(Note, however, that RegEx replacements will only be available on OS X 10.7 and 10.8, since Apple added support for RegEx searches only to Lion.)

Amazing! There could be all sorts of uses for that.


It seems that this will do it.
Great - thanx for caring! :smiley: - so when is the next update released? :wink:

( I do not understand the code inside the “Replace” and “With” field - Could anyone explain it to me, please? )

I’ll have a beta up in the Beta Testing thread in the next few days, and the official release should be February, March at the latest.

Pfft, don’t ask me - Ioa gave me these RegEx expressions. :slight_smile: It’s RegEx (“regular expressions”), though, which is a powerful search and replace syntax used in all sorts of places:


All the best,

There is a tutorial on regular expressions (regex) here:


A search on Google will bring up plenty of information about the system. It can get quite complicated, but it’s nothing to be afraid of, and some knowledge of it can be quite useful.


I see Keith beat me to it, but the more the merrier!

O’Reilly and Associates has an excellent book on Regular Expressions. I read the first two chapters, and can do just about anything I’ve ever needed to do with them. Regex is HARD CORE geek-fu, and not for the faint of heart, but if you have the gumption and the stomach, you can do some amazing textual gymnastics with it.

Well part of that looks more messy than it is because most of the punctuation marks on the keyboard are used as regular expression syntax. Hence, if part of your search requires punctuation marks to be found, like square brackets, they often need to be escaped with the ‘’ character.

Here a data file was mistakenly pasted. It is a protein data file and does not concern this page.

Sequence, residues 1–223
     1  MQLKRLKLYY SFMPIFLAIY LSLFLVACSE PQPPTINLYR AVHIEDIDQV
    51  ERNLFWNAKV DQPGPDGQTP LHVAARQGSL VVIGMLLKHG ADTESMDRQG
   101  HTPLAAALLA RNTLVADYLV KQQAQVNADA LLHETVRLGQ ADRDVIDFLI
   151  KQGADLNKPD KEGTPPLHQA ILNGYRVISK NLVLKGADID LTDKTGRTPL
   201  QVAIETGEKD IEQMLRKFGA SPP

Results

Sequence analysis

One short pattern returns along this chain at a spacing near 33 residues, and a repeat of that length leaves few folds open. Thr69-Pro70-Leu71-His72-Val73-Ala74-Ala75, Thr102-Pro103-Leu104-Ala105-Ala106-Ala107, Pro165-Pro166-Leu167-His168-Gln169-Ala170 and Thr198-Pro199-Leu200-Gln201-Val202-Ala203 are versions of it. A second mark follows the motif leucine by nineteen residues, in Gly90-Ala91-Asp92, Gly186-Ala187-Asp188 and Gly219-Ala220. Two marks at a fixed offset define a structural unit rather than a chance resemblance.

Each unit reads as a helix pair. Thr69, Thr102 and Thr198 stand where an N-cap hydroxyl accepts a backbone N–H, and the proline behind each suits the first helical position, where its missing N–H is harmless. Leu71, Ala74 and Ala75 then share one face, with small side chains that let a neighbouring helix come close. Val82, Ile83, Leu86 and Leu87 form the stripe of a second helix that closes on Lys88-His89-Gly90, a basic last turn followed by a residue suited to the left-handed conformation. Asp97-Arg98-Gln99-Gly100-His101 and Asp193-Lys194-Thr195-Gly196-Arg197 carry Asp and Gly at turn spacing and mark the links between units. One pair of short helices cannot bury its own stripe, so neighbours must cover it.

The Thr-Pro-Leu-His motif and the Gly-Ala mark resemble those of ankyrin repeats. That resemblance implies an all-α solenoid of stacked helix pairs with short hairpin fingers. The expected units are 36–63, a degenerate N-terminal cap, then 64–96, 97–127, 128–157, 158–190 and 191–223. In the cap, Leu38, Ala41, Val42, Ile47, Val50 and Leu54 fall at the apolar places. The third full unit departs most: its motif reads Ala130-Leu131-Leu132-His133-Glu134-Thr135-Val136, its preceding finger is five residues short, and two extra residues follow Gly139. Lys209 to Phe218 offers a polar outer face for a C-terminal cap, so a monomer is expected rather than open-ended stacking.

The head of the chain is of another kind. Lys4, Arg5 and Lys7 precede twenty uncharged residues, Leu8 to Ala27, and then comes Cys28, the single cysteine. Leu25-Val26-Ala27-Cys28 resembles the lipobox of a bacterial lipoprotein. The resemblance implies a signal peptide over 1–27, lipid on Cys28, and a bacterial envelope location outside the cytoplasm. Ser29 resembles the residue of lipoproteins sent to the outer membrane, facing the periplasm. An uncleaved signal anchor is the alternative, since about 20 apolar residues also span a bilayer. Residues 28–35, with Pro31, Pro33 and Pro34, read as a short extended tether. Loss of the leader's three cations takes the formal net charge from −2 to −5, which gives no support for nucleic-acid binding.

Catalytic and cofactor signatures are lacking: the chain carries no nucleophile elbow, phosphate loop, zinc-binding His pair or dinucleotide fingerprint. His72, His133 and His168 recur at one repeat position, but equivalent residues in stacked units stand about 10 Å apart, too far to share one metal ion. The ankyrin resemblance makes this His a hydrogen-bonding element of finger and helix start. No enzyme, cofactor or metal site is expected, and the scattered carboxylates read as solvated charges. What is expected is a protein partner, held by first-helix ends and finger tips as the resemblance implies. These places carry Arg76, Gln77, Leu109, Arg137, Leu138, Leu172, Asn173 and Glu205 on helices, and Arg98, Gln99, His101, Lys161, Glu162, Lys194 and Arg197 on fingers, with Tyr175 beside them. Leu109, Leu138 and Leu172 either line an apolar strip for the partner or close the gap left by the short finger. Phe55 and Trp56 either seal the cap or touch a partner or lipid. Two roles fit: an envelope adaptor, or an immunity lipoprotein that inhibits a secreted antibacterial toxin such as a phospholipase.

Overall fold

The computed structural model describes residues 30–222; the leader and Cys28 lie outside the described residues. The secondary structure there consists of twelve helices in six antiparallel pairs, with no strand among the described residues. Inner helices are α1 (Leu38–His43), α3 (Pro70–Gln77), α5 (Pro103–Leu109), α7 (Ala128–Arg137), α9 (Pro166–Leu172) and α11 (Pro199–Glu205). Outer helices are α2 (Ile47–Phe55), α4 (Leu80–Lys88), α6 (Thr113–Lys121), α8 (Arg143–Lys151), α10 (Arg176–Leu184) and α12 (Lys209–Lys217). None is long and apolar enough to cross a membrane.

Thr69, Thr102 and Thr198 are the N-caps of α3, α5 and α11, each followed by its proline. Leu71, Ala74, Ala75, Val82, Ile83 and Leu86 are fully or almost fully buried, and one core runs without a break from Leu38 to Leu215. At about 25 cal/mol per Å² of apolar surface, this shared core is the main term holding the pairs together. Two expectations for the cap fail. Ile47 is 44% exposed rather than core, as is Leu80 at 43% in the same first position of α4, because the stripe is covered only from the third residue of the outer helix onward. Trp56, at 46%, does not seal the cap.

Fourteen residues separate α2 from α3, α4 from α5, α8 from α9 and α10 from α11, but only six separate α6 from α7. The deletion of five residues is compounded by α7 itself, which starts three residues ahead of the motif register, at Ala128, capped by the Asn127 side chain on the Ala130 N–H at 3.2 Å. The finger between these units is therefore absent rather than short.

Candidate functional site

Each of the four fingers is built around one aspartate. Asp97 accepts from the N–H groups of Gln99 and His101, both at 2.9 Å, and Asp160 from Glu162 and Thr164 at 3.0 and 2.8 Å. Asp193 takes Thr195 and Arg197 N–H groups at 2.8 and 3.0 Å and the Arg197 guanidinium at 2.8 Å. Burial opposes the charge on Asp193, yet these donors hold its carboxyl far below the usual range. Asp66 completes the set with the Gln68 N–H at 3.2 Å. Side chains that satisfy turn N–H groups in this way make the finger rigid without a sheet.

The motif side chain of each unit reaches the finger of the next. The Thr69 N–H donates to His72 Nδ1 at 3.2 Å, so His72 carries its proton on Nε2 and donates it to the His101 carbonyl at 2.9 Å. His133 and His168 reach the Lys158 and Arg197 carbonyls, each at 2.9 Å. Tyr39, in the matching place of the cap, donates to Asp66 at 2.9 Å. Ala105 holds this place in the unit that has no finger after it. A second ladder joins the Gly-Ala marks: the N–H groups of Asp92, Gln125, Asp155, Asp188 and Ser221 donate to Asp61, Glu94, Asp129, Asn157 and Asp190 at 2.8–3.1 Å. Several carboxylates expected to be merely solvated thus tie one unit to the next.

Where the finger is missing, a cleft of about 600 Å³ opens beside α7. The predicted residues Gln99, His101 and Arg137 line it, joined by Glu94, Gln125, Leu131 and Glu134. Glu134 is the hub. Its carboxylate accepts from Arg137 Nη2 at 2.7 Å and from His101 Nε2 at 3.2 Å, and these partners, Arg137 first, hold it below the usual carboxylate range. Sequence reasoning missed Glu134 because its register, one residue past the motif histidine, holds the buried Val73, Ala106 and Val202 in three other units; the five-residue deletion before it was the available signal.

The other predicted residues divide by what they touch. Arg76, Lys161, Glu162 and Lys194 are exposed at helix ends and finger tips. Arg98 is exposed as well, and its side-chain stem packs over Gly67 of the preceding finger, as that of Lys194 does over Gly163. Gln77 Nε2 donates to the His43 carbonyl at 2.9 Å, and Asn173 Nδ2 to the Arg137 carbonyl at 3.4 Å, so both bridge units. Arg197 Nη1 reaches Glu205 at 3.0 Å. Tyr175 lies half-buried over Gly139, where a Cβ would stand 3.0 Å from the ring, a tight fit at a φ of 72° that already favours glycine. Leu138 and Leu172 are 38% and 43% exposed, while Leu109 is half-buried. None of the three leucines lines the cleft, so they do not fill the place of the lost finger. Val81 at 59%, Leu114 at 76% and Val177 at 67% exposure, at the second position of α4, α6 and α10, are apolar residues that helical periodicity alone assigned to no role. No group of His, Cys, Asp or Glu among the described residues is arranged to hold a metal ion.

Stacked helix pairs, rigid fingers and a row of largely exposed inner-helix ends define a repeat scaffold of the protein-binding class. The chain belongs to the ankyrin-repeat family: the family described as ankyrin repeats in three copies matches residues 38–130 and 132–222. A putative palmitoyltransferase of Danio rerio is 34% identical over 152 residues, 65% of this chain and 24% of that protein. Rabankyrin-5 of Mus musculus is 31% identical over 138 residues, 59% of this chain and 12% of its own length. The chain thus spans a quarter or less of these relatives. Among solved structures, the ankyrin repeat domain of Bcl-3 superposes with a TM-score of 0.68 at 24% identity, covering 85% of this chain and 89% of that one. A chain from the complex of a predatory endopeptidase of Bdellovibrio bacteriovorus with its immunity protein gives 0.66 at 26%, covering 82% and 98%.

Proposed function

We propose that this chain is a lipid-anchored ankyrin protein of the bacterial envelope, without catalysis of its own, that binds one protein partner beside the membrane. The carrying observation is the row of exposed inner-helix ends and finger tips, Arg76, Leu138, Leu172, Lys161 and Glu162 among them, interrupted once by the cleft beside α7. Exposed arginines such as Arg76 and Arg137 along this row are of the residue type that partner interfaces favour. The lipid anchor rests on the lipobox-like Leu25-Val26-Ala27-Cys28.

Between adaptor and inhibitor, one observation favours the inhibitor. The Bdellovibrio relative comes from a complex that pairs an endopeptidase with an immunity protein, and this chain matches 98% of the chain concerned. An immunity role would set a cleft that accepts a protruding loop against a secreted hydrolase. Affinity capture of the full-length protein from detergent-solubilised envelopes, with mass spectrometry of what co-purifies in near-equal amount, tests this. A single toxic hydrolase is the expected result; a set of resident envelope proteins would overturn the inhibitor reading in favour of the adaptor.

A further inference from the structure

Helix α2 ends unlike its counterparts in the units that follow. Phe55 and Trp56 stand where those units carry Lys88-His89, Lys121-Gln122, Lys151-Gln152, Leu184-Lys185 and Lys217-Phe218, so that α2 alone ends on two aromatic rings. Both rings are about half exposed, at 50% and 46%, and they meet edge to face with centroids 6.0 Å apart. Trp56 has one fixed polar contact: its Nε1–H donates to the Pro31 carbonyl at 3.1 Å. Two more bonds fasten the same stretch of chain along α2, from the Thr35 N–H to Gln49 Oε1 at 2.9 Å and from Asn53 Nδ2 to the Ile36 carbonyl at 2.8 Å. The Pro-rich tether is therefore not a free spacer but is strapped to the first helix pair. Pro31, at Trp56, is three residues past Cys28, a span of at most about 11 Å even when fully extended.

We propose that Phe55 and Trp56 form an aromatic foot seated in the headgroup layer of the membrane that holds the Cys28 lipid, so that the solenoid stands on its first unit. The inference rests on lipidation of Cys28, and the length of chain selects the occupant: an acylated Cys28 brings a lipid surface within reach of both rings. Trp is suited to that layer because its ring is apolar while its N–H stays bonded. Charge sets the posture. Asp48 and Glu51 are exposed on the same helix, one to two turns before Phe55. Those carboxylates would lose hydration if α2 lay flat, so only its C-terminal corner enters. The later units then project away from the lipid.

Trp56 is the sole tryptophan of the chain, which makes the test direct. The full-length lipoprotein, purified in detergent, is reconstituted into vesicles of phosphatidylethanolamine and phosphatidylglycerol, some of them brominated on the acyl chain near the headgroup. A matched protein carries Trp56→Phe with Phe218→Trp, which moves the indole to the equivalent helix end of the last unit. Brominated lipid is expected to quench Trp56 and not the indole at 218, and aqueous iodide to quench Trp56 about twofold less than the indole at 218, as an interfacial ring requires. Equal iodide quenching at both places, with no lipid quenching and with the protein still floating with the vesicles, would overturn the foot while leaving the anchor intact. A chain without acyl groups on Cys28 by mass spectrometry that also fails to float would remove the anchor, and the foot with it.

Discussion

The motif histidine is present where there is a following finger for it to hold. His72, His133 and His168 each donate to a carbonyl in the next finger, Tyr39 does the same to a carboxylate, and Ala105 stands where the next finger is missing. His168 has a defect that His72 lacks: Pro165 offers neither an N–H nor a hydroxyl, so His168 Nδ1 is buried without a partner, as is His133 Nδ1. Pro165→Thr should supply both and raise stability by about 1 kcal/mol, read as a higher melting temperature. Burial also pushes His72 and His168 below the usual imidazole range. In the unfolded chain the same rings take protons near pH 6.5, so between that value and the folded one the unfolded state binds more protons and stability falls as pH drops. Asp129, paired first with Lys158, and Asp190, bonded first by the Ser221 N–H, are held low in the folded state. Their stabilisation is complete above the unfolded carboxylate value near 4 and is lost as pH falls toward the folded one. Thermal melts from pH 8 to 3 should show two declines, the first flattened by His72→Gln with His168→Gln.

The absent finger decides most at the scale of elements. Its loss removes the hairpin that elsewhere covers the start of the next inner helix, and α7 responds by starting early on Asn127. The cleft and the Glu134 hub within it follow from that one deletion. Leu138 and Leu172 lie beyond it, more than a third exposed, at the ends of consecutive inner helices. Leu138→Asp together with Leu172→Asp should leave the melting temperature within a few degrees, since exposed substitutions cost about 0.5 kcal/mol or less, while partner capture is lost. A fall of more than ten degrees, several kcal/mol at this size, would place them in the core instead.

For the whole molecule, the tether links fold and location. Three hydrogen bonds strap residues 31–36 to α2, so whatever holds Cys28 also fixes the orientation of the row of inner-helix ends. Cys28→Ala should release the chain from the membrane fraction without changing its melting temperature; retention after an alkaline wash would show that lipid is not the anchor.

At any rate that example would probably not be super robust, I just meant it as a quick demonstration of multiple capture points and then shuffling the captured data into a new format in the replacement. That pattern will match the example you provided earlier, and any others that are typed like that, but would fail if for instance you didn’t specify a page number.

Here is a good online tutorial which covers a flavour of syntax that is very similar to the one 10.7+ uses. So yes, super geek-fu, and nearly everyone hates them, but there is nothing else out there that comes close, short of a full programming language and dozens or hundreds of lines of code.


It’s hard, but I think it is finally time to admit that my best geek days are behind me. To quote the fictional Roger Murtaugh from Lethal Weapon, “I’m getting too old for this ****.” <insert 80’s saxophone solo here>

MSWord supports regex with search and replace.

See the following:

office.microsoft.com/en-us/suppo … 87305.aspx

If it is a full regex implementation, you should be able to use the strings Keith supplied in his example to transform the citations within Word using Replace All.